Sunday, March 25, 2012


There was an old man from Albina,
Who went off in the hills as a miner,
But he's since reappeared,
With his stories, most weird,
And a red Turkish fez like a Shriner.

I have been away. And like any other prospector who has headed off into the hills with gold pans and victuals piled up on his mule, I have probably been forgotten. But this note is to forewarn you of my eventual return. And instead off coming back empty handed, I am returning with pure gold. My research into the skeleton-filled closets of this city have turned up far more interesting stories than I had anticipated. And I am going to have to jam as much as will fit into one book of which each chapter could have been a book in its own right.
The Albina rail yard

A few notes on Albina

Albina was a city in its own right for years before becoming part of the great metropolis—a bustling city at that. The train yards were alive with the arrival and departure of passengers, and the great steam engines of the day growled and snorted into the roundhouse to be switched onto various rail lines.
I worked on the Albina grain docks for over thirty years, and during my time the days were quiet in comparison. The rail terminal for passengers moved across the river. The old break bulk cargo docks and sacked grain warehouses were long gone, replaced by a cement plant and grain elevators. 
The area in 1888

Albina grain docks 1880s

The Albina Engine and Machine Works was next door to Irving dock. For years steel vessels were built here, starting with the smaller warships of WWI. During WWII navy tugs and warships continued to be built, include a line of warships known as the mighty midgets. When the war ended tugs and ferries were constructed here. The company used large amounts of asbestos in its construction, and the site, and the adjacent Willamette river is polluted with years of oil spills, and other chemical spills.

Some of the warehouses added grain elevators. This is O Dock before 1960 when the warehouse  burned
Where once thousands of men (and later women) labored, filling the air with the very human sounds of shouting, cursing, and laughing, now is heard the quiet groan of huge machines. An export grain elevator, for example, is merely a gigantic machine, operated from a control room, designed for blending various qualities of  grain and delivering it out of its spouts into a waiting ship. So where at one time gangs made up of dozens of men loaded heavy sacks into the holds of ships, now one man (or woman) pushes some buttons.
How is miss thee, dear old O Dock! (of course I could visit at any time)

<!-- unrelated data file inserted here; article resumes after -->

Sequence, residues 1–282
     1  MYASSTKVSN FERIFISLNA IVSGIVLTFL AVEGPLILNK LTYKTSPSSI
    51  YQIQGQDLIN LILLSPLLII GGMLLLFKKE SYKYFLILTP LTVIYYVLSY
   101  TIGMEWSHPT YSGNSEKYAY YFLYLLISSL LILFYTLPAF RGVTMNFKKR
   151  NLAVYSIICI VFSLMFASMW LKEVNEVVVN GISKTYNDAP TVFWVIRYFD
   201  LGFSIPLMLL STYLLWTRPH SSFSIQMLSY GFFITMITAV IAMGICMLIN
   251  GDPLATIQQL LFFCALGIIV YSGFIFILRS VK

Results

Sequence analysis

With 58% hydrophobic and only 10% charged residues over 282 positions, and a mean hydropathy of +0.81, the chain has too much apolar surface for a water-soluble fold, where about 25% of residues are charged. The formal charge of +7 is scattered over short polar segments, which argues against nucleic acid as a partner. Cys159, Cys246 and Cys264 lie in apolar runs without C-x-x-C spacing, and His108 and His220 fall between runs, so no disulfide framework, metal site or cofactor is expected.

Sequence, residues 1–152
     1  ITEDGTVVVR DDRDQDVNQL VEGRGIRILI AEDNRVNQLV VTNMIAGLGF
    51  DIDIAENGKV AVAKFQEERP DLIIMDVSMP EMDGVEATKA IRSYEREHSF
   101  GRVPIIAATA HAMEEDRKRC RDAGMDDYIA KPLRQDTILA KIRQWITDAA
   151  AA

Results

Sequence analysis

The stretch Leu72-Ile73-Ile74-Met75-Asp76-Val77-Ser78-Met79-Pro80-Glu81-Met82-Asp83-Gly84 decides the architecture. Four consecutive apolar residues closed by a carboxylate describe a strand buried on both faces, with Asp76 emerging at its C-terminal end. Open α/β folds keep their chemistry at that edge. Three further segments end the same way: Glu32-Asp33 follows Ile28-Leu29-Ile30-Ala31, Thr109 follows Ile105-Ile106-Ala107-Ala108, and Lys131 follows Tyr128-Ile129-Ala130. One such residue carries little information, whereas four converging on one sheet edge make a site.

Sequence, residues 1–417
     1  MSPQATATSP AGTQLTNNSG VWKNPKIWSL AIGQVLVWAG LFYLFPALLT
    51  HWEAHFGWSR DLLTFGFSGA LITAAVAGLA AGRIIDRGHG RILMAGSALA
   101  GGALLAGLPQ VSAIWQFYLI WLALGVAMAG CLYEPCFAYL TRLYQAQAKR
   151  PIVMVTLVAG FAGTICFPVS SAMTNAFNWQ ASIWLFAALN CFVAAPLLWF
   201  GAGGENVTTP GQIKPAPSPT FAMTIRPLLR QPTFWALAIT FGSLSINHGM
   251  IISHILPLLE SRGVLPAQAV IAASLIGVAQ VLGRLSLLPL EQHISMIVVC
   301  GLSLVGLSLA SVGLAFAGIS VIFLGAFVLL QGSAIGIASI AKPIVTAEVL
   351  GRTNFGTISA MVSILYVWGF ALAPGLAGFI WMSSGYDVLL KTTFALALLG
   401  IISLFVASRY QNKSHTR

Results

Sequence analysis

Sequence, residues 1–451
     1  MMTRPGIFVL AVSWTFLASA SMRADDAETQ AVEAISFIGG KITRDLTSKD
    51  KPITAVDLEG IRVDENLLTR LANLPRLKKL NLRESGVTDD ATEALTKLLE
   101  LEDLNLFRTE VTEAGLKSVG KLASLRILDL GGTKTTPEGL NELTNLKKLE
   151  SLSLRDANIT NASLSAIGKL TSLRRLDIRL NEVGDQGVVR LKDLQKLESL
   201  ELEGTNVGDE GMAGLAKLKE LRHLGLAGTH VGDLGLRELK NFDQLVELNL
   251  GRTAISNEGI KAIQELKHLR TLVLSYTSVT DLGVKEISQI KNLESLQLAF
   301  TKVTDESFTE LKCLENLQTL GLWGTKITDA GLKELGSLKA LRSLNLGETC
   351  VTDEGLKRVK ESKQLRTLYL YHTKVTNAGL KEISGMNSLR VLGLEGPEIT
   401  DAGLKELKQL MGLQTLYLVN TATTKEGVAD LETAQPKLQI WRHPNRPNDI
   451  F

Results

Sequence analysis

It is quiet down there along the river, and it may get quieter yet. This is a long story, and one I hope to tell in its entirety some day.

Thursday, March 8, 2012

Haul on the Bowline!

Today as I was getting the urge to do a little show and tell it occurred to me that I was in the process of doing the same thing that I had laughed at while surfing YouTube. Kids now days, mostly girls, will come home from shopping and make a video of the stuff they purchased, usually with a running commentary. These are called "haul videos" (for you grownups who don't keep up with the kiddies). The Wikipedia article on the subject says that by late 2010 there were a quarter of a million haul videos on YouTube alone.

So this is a haul blog post. Today I got some really, uh, what's the latest way to say "cool?" stuff in the mail, stuff I had found on eBay. (Is that how it is capitalized?) So here it is:

1. Some dark read trade beads, supposedly made in Russia and used by the Hudson's Bay Company. They came from an antique dealer in Manitoba.

2. A token from Erickson's Saloon. The place with the "mile long bar," the giant gorilla bouncer, and the shanghai tunnels.

3. A postcard, postmarked 1886, of the Portland waterfront. This is the oldest postcard of my hundred plus collection of Portland images, mostly of the river, wharfs, and bridges.

It's nice to have a few artifacts around from the old days. It's even more fun to share them. No more laughing at haul videos for me folks.

The title of this blog was inspired by a shanty to be sung while hauling on the bowline to lift the square sail and bring the ship into the wind.

Haul in the bowline, my Kitty comes from Liverpool
Haul in the bowline, the bowline, ho!
Haul in the bowline, Liverpool's a fine town…
Haul in the bowline, Kitty's on the game again
Haul in the bowline, the bully ships a-rolling
Haul in the bowline, the old man is a-growling
Haul in the bowline, its a far cry to pay day
Haul in the bowline, and bust the chafing leather
Haul in the bowline, well either bend or break her
A pint of rum, a glass of beer, a sailor likes his pint of rum